Weekly Press Review – 6 November 2017

Transnet is distancing itself from the kickbacks scandal currently rocking the state-owned rail and logistics group. According to the press, the scandal includes allegations that some of its suppliers paid third parties millions of rands in order to win tenders.

Chief executive, Siyabonga Gama said, “These allegations are made against Transnet suppliers, where it is alleged that some of them, such as SAP, McKinsey, CSR and Liebherr-Africa, were paying commissions to third parties after securing contracts with Transnet.

“We have requested these companies to indicate to us if any past or current employees of Transnet requested that they pay any kickbacks to them or any third parties.”

The Hawks arrested two people in connection with abalone poaching and seized R5 million worth of abalone in Brackenfell this week.

According to the press, spokesperson Lloyd Ramovha said that police arrested the suspects at a house doubling as an illegal abalone processing facility.

The suspects appeared in the Kuilsriver magistrates court during the week.

Two more suspects from Caledon were also arrested this week in possession of abalone with a street value of R5 million.

Also making headlines this week was the announcement by seafood group Sea Harvest that the company’s Australian subsidiary, Mareterram, had acquired two mackerel licence packages comprising of an established fishing fleet and support vessels for A$9 million (R53 million).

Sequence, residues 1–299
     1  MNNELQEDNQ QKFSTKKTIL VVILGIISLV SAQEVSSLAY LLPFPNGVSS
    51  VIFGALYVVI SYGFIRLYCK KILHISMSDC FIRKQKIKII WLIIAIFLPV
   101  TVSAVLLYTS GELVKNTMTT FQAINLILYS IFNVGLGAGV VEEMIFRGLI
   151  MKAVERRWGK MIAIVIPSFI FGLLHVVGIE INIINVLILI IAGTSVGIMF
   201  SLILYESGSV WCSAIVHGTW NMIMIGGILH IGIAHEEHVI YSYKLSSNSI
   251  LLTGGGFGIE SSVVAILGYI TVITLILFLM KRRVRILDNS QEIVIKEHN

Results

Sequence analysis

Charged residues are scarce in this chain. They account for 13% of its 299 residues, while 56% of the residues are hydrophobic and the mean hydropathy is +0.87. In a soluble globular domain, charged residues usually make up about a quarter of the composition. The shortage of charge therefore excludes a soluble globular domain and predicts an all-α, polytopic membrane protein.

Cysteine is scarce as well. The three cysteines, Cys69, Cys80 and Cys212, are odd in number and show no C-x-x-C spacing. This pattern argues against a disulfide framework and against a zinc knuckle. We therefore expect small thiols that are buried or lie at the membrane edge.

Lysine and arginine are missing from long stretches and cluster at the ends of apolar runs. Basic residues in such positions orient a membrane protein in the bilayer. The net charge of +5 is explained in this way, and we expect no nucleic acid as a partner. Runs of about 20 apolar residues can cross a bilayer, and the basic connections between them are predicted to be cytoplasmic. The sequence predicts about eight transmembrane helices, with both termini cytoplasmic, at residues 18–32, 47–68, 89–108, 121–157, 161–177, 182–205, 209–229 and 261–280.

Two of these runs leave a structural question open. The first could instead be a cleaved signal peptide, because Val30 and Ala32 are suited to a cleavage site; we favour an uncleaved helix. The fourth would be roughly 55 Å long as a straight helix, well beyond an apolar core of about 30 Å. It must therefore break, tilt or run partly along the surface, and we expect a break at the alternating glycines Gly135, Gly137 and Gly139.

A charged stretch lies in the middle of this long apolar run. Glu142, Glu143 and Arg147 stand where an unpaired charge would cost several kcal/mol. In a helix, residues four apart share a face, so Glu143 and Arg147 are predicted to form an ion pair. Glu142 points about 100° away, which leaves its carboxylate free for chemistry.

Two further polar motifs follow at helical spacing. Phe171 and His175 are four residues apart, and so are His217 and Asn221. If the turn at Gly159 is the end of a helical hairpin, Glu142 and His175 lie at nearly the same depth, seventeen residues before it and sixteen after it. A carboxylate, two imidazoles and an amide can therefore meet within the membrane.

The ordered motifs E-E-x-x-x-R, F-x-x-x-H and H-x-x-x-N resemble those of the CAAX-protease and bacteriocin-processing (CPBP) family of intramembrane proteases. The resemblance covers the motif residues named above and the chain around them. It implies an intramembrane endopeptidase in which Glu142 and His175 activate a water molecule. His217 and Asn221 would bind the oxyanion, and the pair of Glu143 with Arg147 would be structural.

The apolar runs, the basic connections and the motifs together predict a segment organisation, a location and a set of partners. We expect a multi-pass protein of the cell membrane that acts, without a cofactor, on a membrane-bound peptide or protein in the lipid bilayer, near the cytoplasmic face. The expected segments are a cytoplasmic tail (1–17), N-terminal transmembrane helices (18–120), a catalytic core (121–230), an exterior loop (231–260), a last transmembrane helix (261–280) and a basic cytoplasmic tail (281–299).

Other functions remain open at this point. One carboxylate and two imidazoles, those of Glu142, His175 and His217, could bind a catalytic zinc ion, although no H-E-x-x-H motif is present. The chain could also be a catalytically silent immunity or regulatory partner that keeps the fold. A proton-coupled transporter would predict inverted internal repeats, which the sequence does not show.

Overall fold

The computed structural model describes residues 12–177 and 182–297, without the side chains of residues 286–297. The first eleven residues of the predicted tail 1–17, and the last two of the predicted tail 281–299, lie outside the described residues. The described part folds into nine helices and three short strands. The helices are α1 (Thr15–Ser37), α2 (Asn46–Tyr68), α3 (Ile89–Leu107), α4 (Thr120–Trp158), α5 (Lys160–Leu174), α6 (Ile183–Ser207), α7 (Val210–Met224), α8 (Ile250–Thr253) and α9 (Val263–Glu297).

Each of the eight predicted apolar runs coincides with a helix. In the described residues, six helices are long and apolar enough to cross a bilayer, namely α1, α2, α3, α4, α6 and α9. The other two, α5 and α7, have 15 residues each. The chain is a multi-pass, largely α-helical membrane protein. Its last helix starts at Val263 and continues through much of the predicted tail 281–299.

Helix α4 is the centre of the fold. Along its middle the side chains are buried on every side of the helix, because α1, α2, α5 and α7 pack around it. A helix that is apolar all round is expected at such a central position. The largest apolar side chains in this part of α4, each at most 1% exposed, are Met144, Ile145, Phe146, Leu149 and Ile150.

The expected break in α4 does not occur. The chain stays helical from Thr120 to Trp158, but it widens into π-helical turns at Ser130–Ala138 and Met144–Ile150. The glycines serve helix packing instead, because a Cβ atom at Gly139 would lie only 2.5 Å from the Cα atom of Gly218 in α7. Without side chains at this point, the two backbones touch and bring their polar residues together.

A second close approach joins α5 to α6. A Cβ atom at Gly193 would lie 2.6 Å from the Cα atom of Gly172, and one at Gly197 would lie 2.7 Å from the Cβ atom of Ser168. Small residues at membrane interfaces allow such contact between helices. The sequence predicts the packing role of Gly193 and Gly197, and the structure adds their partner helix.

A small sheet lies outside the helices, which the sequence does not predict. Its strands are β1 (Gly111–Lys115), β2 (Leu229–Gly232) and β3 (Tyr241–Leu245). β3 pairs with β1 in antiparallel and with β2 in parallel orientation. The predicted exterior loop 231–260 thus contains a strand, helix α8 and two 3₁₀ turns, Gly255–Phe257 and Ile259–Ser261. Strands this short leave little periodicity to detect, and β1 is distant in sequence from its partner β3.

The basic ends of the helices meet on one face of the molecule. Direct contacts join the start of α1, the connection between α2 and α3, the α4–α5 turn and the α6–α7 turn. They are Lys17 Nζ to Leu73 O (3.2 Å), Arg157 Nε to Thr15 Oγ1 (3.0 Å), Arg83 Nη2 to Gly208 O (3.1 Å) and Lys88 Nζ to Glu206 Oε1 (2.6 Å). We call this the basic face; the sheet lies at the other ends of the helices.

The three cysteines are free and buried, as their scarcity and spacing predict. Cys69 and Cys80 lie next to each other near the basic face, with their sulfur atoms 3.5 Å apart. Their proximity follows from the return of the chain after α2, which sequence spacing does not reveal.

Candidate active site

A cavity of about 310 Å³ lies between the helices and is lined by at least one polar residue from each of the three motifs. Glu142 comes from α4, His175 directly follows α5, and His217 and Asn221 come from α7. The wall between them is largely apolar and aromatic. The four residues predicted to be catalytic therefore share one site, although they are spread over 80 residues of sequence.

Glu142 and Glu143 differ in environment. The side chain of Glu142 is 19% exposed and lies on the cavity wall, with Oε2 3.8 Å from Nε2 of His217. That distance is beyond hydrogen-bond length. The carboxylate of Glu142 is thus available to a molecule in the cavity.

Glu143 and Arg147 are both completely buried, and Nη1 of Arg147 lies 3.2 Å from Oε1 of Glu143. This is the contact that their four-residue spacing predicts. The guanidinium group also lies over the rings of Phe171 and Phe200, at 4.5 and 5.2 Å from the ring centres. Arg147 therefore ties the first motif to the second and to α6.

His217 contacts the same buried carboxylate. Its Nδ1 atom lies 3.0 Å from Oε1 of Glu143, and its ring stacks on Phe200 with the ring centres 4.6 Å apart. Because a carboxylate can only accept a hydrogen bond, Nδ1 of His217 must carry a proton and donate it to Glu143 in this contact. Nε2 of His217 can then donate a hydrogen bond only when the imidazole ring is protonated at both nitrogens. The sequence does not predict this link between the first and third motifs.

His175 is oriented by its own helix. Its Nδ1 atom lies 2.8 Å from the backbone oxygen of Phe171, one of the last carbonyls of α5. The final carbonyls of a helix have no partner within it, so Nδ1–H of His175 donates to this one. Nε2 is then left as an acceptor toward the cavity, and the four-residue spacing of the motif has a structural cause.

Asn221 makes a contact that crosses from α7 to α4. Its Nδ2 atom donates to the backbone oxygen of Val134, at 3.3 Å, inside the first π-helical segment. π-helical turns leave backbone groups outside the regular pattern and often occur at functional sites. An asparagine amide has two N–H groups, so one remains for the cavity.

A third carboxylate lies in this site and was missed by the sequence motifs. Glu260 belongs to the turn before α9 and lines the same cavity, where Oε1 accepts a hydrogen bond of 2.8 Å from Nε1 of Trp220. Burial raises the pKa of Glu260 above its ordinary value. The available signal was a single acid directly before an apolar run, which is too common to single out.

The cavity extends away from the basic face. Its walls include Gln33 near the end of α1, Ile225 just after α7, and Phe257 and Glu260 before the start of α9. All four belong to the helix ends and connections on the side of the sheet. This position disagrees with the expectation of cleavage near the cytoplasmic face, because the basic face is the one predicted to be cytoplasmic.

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Weekly Press Review – 31 October 2017

 Transnet has instituted a group-wide investigation into its contracts and suppliers amid the rampant allegations of rent seeking and kickbacks at state-owned companies.

 According to the press, chief executive Siyabonga Gama said that the company was dealing with allegations of wrong-doing in its contracts, insisting that the problem was not about Transnet governance processes or integrity, but about suppliers.

According to the press this week, there is a growing optimism about the potential of Africa’s oil and gas development, given the sustained increase in crude oil prices.

Speaking at the open session of the 24th Africa Oil Week conference, held in Cape Town last week, Energy Minister David Mahlobo said, “This bodes well for many of the continent’s economies that had suffered when there was a downturn in commodity prices.”